Your PC’s Video Ports
The video port has been around for many years and still rocks! Virtually all video cards still offer the same 15-pin, D-SUB video port that originally appeared with the IBM Video Graphics Array (VGA) specification.
However, another new face is on the block: the 29-pin, DVI-I port, which is used to connect digital flat-panel (also called liquid crystal diode, or LCD) monitors. This figure shows the business end of a typical video card that offers both ports onboard.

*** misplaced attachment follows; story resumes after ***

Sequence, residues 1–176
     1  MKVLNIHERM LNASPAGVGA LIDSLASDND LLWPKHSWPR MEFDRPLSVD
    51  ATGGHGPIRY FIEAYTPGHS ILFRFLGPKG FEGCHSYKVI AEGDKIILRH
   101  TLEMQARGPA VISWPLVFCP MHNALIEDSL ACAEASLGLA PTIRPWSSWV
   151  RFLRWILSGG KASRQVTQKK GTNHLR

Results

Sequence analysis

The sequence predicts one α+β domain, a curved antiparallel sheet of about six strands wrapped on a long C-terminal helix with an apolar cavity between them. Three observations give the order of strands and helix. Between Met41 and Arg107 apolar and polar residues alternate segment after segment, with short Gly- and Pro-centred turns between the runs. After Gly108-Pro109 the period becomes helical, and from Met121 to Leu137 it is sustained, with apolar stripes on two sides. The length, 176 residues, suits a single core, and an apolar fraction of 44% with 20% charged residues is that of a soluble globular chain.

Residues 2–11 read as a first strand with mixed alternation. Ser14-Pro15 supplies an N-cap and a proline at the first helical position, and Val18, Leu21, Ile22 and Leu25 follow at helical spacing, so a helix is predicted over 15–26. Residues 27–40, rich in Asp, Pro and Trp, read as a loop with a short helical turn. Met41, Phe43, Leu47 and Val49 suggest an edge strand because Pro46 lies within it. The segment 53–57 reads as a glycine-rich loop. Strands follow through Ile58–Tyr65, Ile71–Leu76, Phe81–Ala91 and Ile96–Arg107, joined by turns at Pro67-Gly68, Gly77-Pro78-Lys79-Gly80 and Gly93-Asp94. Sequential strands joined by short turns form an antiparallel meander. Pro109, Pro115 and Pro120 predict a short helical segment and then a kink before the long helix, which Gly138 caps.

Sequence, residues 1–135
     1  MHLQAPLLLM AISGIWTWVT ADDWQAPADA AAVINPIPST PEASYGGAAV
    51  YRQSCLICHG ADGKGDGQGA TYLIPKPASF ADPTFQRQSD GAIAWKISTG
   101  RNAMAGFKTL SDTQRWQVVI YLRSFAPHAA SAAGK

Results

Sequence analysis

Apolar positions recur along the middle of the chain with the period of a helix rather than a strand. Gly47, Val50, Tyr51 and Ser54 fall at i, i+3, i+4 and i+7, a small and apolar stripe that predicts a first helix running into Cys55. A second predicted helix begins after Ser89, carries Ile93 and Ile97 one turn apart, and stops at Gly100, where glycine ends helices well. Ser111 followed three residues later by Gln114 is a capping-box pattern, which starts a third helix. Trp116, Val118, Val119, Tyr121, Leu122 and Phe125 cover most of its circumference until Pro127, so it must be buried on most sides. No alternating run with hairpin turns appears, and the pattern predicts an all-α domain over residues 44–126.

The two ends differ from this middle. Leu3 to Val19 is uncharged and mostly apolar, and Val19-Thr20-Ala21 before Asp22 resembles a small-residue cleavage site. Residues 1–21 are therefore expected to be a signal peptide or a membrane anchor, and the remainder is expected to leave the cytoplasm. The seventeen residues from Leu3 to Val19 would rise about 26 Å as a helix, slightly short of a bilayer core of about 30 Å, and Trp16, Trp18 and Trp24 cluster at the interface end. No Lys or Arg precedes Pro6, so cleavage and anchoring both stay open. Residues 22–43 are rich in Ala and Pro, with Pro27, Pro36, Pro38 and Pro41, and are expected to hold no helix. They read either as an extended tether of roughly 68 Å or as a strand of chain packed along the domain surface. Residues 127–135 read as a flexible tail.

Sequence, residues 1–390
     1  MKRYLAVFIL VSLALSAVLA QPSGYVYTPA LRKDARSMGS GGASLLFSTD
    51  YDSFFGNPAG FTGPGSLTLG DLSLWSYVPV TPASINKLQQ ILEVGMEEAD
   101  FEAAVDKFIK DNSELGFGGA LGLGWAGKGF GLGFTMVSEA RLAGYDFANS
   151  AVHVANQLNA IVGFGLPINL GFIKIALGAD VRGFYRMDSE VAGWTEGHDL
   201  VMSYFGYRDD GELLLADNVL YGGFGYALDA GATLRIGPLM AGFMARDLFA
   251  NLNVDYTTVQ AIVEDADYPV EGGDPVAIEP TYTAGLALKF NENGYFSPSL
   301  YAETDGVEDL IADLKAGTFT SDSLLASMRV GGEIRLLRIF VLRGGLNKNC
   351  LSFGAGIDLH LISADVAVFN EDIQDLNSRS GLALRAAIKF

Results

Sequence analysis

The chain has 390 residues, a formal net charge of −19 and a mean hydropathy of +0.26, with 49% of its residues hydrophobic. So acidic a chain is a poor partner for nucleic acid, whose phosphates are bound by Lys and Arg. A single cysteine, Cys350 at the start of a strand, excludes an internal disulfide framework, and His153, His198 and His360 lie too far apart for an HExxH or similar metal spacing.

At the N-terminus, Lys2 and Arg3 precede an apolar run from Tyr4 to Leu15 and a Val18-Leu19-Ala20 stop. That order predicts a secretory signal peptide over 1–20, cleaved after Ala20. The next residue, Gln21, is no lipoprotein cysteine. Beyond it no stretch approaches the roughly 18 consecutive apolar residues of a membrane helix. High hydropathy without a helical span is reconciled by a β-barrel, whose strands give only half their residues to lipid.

Virtually every card that has both these video ports can use two monitors at a time — either showing an expanded desktop, where your mouse moves seamlessly from one monitor to the other (like in this figure), or two separate and discrete desktops.
In a pinch, a DVI-VGA adapter allows you to use the DVI-I port to connect a standard cathode ray tube (CRT) monitor, so you can use two analog monitors instead.